COMMERCIAL BANK & TRUST COMPANY, ET AL.
CHILDREN'S ANESTHESIOLOGISTS, P.C., ET AL.
Session Date: May 23, 2017
from the Circuit Court for Knox County No. 3-740-14 Deborah
C. Stevens, Judge
Bank & Trust Company, Legal Guardian of the Estate of
Albert P. Mjekiqi, a Disabled Minor; Omer Mjekiqi and
Gabriela Mjekiqi, Individually and as Legal Guardians of the
Person of Albert P. Mjekiqi; and Volunteer State Health Plan,
Inc. (collectively "Plaintiffs") sued
Children's Anesthesiologists, P.C.; Heather D. Phillips,
D.O.; Kari L. Clinton; Neurosurgical Associates, P.C.; Lewis
W. Harris, M.D.; and East Tennessee Children's Hospital
Association, Inc. d/b/a East Tennessee Children's
Hospital alleging health care liability in connection with
surgery performed on Albert P. Mjekiqi ("Albert")
in May of 2011. After a trial, the Circuit Court for Knox
County ("the Trial Court") entered judgment on the
jury's verdict finding no liability on the part of the
defendants. Plaintiffs appeal to this Court raising issues
with regard to admission of evidence and jury instructions.
We discern no error, and we affirm.
R. App. P. 3 Appeal as of Right; Judgment of the Circuit
Court Affirmed Case Remanded
W. Gilreath, Cary L. Bauer, and Joshua M. Dennis, Knoxville,
Tennessee, for the appellants, Commercial Bank & Trust
Company, Legal Guardian of the Estate of Albert P. Mjekiqi, a
Disabled Minor; Omer Mjekiqi and Gabriela Mjekiqi,
Individually and as Legal Guardians of the Person of Albert
P. Mjekiqi; and Volunteer State Health Plan, Inc.
H. London, Jennifer Pearson Taylor, and J. Spencer Fair,
Knoxville, Tennessee, for the appellee, Children's
G. White, Wayne A. Kline, and Lyndsey L. Lee, Knoxville,
Tennessee, for the appellee, Neurosurgical Associates, P.C.
MICHAEL SWINEY, C.J., delivered the opinion of the court, in
which JOHN W. MCCLARTY and KENNY W. ARMSTRONG, JJ., joined.
MICHAEL SWINEY, CHIEF JUDGE
Albert was one year old he had a hemispherectomy which
removed a portion of his brain. Albert had a shunt implanted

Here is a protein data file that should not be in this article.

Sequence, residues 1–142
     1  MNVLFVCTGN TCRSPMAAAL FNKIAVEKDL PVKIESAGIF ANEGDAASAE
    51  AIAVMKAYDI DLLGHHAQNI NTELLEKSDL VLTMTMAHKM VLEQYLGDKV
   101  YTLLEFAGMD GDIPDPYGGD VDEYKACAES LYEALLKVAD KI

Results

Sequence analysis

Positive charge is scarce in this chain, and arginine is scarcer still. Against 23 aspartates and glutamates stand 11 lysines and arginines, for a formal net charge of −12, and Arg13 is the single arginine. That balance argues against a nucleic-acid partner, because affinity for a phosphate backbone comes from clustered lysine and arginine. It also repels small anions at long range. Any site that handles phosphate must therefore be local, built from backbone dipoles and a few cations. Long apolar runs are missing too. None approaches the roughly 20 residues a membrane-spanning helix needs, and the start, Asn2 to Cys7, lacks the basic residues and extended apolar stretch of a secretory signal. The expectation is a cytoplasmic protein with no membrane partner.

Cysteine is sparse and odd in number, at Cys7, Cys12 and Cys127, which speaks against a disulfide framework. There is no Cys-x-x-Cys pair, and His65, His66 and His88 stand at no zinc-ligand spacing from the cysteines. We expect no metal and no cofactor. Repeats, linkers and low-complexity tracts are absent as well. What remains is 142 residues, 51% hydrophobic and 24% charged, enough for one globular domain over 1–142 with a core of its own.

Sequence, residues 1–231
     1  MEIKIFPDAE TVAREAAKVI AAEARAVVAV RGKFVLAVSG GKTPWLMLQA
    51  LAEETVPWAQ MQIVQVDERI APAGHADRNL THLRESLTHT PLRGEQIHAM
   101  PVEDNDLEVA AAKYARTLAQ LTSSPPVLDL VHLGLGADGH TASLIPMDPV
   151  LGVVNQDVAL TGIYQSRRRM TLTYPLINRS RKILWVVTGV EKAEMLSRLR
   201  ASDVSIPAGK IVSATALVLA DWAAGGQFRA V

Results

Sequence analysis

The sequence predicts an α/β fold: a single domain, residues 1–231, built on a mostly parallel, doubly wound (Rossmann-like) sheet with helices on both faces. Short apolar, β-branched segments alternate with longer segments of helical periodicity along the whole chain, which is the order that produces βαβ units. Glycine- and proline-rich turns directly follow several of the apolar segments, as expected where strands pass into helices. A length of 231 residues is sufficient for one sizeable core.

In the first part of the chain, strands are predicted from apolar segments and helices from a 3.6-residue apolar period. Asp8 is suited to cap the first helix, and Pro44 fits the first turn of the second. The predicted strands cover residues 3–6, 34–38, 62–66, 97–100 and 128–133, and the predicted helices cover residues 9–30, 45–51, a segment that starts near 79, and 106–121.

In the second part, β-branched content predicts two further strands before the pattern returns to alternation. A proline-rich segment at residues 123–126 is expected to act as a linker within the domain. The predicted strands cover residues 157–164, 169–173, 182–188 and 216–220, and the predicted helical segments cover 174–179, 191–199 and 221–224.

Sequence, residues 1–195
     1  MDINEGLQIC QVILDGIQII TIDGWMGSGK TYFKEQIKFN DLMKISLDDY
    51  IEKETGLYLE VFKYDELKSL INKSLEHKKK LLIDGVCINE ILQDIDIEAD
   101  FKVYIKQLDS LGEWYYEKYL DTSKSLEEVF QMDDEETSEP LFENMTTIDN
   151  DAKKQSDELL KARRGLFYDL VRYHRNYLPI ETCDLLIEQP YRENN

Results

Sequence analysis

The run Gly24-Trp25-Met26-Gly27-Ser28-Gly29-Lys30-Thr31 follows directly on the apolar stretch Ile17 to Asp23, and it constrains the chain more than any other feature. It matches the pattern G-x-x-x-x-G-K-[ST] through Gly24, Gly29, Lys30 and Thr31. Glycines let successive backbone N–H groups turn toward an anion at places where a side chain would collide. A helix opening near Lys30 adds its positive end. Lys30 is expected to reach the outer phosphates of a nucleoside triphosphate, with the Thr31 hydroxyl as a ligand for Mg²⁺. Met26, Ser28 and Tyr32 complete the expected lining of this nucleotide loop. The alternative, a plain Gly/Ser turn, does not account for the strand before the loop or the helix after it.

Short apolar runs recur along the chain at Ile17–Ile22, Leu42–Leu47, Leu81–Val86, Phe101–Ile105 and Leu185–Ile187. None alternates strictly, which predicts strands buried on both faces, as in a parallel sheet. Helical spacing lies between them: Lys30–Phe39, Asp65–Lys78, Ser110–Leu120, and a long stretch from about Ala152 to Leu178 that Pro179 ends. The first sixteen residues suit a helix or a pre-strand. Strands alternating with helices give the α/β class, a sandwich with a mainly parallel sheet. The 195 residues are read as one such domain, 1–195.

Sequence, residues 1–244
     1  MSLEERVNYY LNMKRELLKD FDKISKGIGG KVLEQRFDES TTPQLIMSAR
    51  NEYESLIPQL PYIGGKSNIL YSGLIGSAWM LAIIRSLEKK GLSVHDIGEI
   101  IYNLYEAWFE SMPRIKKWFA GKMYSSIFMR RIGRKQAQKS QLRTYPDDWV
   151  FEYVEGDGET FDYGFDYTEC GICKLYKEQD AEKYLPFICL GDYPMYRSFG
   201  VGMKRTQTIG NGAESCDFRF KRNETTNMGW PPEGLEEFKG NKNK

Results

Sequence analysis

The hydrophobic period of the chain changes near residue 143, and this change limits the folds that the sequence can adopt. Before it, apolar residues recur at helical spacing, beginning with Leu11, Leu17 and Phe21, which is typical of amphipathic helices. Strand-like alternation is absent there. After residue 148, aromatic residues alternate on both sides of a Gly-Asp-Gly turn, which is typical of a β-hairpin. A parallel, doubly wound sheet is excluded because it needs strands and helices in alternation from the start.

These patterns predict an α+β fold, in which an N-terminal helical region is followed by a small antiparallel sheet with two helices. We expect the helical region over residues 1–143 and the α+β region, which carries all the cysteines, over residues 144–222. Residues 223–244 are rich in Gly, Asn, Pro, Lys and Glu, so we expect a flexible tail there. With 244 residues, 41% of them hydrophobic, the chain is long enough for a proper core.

to drain cerebrospinal fluid in his brain, and over the years
had undergone at least one shunt revision procedure. At the
time of the surgery that gave rise to this suit, Albert was
an eight year old who had leftside weakness, but he was able
to sit, stand, and walk. In May of 2011, after presenting to
the emergency room with complaints of headaches and vomiting,
and undergoing testing, Albert was admitted to East Tennessee
Children's Hospital where he underwent surgery for a
shunt revision. Albert was no longer able to walk
post-surgery and instead was wheelchair-bound.
Plaintiffs sued alleging health care
liability. The case was tried before a jury during a two week
period in February and March of 2016. After trial, the jury
returned its verdict finding no liability on the part of the
defendants. The Trial Court entered judgment upon the
jury's verdict on March 8, 2016. Plaintiffs filed a
motion for new trial, which the Trial Court denied.
Plaintiffs appeal to this Court.
not stated exactly as such, Plaintiffs raise four issues on
appeal: 1) whether the Trial Court erred in allowing
testimony that implied that Albert's parents came to this
country as refugees; 2) whether the Trial Court erred in not
allowing exhibit number 102 to be taken to the jury room; 3)
whether the Trial Court erred in refusing to grant the motion
for new trial when the defendants allegedly failed to offer
evidence of the standard of care; and 4) whether the Trial
Court erred in charging the jury with an 'error in
Supreme Court has instructed:
An appellate court shall only set aside findings of fact by a
jury in a civil matter if there is no material evidence to
support the jury's verdict. Tenn. R. App. P. 13(d);
Whaley v. Perkins, 197 S.W.3d 665, 671 (Tenn. 2006).
In determining whether there is material evidence to support
a verdict, we shall: "(1) take the strongest legitimate
view of all the evidence in favor of the verdict; (2) assume
the truth of all evidence that supports the verdict; (3)
allow all reasonable inferences to sustain the verdict; and
(4) discard all [countervailing] evidence." Barnes
v. Goodyear Tire & Rubber Co., 48 S.W.3d 698, 704
(Tenn. 2000) (citing Crabtree Masonry Co. v. C & R
Constr., Inc., 575 S.W.2d 4, 5 (Tenn. 1978)).
"Appellate courts shall neither reweigh the evidence nor
decide where the preponderance of the evidence lies."
Barnes, 48 S.W.3d at 704. If there is any ...